External graduate networks might be available through the local cluster or network of primary and secondary schools. If this is the case, you will have a cross section of graduates with whom you can share ideas and an opportunity to learn collegially from one another in different settings and environments.

Remote, online and social networks can also provide tailored resources and access to expertise for graduate teachers. There are Apps that include, timely tips and resources. You should access the AITSL My Induction App.


Form a graduate group

If there is no group in your school or network, act to form one. It is important to discuss any plans for creating such a group with your leadership team.  Draft a proposal and to seek support to organise such a group, including the possibility of an allocated mentor leader who is a passionate advocate for graduate teachers. Ask about additional Allocated Planning Time (APT) specifically for the gathering of this group or have the meeting group during a lunchtime with the teachers attending allocated this meeting as part of their professional duties. Ask questions. Attempt to locate an exemplar school within your community or beyond to compare and contrast your ideas and determine what is possible within school priorities. Learn from one another, share and build your ideas.

Create a plan for what would you like to achieve whilst part of the group, who might you like to learn from and work with. Keep the plan flexible so that you can seek the most appropriate assistance at the most appropriate times. You might like to start with a simple question such as, ‘What are the challenges in teaching?’. You can ask experienced teachers, leaders and yourself. These challenges may be different in every school and will vary according to the cycle of the year e.g.  report writing times, parent-teacher conversations. See The Teaching Year in this publication to get an understanding of the cycle of a year in a school.

Make the group work for you and your specific needs as a teacher.  Work together to make it a safe space to share and ask questions, that you might feel afraid to ask in a different forum. Consider how you might track and share the group’s progress for future reference. Ensure you celebrate, recognise achievement, share rewards and acknowledge the successes.  Don’t forget to let leadership know about these as well.


Learning in a graduate group

I have led graduate groups at both a school and a network level, the appreciation for the relationships, approachability and the timely assistance is consistently noted. I have witnessed the ongoing, long term professional support networks that are created amongst these close-knit colleagues. These groups have shared the challenging journeys of beginning their teaching careers together and have had the support and encouragement of one another to work through difficult experiences whilst also recognising and celebrating their achievements, both big and small.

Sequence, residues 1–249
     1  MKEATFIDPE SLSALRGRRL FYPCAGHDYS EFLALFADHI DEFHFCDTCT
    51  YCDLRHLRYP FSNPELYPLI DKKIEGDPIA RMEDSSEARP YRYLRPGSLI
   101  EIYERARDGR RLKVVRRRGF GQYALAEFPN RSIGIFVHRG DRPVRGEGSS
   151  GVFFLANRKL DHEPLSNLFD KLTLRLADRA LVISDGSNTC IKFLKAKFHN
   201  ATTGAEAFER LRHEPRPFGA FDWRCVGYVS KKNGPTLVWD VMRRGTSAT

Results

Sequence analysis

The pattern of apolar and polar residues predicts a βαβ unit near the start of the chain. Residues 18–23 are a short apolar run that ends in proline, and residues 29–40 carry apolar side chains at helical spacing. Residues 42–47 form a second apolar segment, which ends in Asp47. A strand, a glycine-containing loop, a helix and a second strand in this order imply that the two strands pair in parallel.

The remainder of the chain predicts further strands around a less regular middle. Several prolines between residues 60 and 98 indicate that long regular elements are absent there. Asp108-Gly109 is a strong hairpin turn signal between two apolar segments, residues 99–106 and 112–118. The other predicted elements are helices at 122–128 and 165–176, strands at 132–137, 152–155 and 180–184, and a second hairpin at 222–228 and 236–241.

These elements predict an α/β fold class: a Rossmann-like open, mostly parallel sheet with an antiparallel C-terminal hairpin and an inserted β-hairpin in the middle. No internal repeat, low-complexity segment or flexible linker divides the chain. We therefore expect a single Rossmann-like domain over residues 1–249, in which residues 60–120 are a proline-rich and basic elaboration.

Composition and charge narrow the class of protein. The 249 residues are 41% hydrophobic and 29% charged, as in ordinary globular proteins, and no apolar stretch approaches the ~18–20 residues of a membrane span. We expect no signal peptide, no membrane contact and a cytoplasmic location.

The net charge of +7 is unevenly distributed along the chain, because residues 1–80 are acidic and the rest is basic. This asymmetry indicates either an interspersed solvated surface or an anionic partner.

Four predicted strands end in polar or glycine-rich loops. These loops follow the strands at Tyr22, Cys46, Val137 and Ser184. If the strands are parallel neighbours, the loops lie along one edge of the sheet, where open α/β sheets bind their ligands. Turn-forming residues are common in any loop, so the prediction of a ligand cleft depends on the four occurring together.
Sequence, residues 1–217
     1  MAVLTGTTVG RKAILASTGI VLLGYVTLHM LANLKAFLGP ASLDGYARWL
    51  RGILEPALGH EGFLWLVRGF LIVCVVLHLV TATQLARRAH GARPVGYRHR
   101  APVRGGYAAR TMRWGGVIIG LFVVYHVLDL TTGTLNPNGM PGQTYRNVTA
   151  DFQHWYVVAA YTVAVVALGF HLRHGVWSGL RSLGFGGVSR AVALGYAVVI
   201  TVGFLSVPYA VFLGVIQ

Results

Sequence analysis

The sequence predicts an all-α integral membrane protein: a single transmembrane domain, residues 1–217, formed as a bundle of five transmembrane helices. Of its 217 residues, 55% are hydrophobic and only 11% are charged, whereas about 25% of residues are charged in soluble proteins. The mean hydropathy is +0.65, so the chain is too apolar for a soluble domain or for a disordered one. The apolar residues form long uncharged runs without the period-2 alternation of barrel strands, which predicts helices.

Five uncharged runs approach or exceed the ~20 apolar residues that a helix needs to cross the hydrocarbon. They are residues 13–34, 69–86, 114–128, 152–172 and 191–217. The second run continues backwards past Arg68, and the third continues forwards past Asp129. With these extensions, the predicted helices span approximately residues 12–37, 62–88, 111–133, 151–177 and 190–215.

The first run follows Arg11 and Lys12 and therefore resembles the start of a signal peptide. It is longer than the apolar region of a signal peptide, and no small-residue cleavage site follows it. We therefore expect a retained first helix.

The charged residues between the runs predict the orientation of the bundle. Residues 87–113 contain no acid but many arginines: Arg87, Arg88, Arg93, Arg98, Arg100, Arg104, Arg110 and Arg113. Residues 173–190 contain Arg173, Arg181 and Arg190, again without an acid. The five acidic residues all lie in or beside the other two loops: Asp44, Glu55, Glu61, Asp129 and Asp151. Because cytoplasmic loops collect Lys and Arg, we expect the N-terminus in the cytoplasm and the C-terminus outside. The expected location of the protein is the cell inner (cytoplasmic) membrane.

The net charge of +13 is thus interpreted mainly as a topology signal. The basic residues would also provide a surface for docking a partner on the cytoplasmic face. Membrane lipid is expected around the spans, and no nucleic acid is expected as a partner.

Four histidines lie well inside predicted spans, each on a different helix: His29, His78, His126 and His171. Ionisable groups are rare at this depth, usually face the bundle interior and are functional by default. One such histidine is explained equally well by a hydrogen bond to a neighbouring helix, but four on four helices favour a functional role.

It is important that graduate networks do not become additional work on top of everything else that is already required of teachers.  It is fundamental that the work of the group such as this is valued and recognised as a school priority and ideally incorporated into the duties of these teachers as an important aspect of their weekly professional development practice and wellbeing.  Larger schools are likely to be able to accommodate this with relative ease, as the logistics usually offer significantly more possibilities, in timetabling and shared roles and responsibilities than smaller schools.


Key takeaways for graduate teachers

Piaget wrote that, ‘intelligence is knowing what to do, when you don’t know what to do’. This is extremely relevant in the education profession and particularly in the classroom when working with students.  We aim to develop and scaffold their independence and ability to successfully navigate their learning journey.  This rings true for graduate teachers too. Good schools are striving to build capacity, create collaborative communities of practice and implement succession planning for teacher leaders. This begins with the way that they support graduate teachers.


My advice to you is:

  • Have the courage to ask for help when you feel you need it and to make use of the networks that are available to you in your local education community.  Use your initiative to request to be involved in or to organise a graduate network, be it internal, external or remote. It will benefit your teaching practice, your skills and your wellbeing.
  • Take the time to reflect regularly and to understand yourself as a teacher and a learner. Understand what your professional needs are and how and with whom you plan to meet these, have a sense of who your support networks are and how you will build your capacity, tools and expertise.
  • Keep balance with your personal needs. Accept that you can’t do it all – yet! Look after yourself.



Buchanan, J., Prescott, A., Schuck, S., Aubusson, P., & Burke, P. 2013, ‘Teacher retention and attrition: Views of early career teachers’, Australian Journal of Teacher Education Vol. 38 No. 3 pp. 112-129

Gallant, A., & Riley, P. 2014, ‘Early career teacher attrition as arrested development: New thoughts on an intractable problem. Teacher Education’, Teacher Development Vol. 18 No. 4, viewed 27 November

Howes, L., & Goodman-Delahunty, J., 2015, ‘Teachers’ career decisions: Perspectives on choosing teaching careers, and on staying or leaving’, Issues in Educational Research, Vol. 25 No. 1 pp.18-35

Mayer, D., Dixon, M., Kline, J., & and Moss, J. 2015, ‘Understanding a transitional teacher education in globalised and neoliberal contexts’, proceedings of Australian Teacher Education Association Conference, Charles Darwin University July 2015. Viewed 27 November